Dear Innkeeper's Wife:
We know so little about you. Indeed, we do not know if you existed: Neither the St. Luke nor St. Matthew Gospels mention you nor your husband specifically. (The "Christmas Story" is as much influenced by a humourous cartoon moment of modern popular media as it is by the chronicles of the ages.)
For example, what was your name? I like to think your name was "Charity", for Christian charity started with you. You offered all that you could, and as humble as the manger was, it meant the world to a young family and the future to the world. Perhaps you were only being kind. Perhaps you had faith in the holiness of the child no one yet knew. If so, you remind us that, in the humble beginning, all children are holy, and that true acts of faith and charity are as unknown to others as sanctity is unseen.
It may very well be that the kindness you showed was the foundation of the Golden Rule. I sometimes wonder if you ever knew the personal influence you had by the example you gave at the start of a young life. There are those who may sometimes feel overwhelmed (from how shopping becomes another version of the Roman census, through to when work and responsibilities and other annoyances intensify), so much so that they might proclaim "...this whole world is simply a pain!!" But in the moment of greater need by someone else, you were not overwhelmed, aiding in the wellbeing of another.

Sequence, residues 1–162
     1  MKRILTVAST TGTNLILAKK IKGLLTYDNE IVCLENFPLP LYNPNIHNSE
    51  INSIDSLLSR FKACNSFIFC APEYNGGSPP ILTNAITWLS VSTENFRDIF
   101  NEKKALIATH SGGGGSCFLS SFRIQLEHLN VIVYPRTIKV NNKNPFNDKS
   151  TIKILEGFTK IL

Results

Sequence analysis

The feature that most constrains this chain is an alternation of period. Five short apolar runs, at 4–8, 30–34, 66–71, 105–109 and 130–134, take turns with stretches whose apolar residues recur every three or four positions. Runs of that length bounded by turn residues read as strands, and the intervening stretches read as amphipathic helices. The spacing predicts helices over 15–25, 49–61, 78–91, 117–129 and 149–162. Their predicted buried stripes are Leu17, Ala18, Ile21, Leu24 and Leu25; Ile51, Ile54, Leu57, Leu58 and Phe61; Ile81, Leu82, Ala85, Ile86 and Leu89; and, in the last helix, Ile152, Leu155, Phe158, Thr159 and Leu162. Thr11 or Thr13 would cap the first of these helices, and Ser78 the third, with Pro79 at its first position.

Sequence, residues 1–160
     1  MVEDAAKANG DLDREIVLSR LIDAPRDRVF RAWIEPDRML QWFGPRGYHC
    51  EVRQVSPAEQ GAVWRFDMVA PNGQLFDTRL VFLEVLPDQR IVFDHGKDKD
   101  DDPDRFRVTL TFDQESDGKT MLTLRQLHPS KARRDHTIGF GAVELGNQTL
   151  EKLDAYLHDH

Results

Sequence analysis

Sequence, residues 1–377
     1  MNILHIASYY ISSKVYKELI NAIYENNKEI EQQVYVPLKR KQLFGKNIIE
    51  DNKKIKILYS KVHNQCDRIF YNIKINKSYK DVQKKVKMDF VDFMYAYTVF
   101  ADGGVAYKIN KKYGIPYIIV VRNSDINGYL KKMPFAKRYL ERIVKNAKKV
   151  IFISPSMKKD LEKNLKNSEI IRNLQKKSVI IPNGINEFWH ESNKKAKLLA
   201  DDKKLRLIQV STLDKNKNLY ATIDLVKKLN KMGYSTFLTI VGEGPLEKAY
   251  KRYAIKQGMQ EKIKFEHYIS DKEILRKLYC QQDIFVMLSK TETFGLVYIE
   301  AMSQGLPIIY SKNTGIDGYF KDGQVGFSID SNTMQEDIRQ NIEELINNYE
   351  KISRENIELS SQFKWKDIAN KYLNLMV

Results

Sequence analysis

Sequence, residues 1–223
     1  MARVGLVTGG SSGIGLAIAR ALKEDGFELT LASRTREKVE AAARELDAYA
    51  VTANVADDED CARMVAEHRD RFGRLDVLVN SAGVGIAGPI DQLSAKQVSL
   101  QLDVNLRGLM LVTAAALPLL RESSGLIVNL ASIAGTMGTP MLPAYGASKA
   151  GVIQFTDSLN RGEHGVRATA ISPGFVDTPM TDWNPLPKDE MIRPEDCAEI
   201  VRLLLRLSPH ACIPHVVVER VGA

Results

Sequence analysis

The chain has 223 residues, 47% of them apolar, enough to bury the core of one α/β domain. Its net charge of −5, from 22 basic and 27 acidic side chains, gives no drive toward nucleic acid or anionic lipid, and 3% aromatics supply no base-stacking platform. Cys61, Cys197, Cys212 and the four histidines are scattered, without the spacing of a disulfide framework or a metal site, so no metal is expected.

It was saddening this year to read a Middle East resident's observation that "We're not really that into the peace process.... I don't believe in this era we'll achieve peace with our neighbours. So now we concentrate on what we can do, how we can improve our lives." Although probably not meant to be selfish, the observation is contrary to the example you gave. Your calm, quiet offering showed that, even by one person, peace can be borne in the middle of chaos.
It may have been a small, anonymous gesture... but your act... your act of kindness, your act of charity, your act of faith... your act changed the world. You brought comfort to another's day, you supported hope in all of our lives, and you gave thoughtfulness priority over indifference. You proved that any smile -- of relief, of joy, of Love -- stands for centuries, and is worthy of remembrance and active nurturing, forever.
Vernon R.J. Schmid
Your comments, suggestions, questions, or concerns would be very much appreciated. Please direct them to: firstname.lastname@example.org.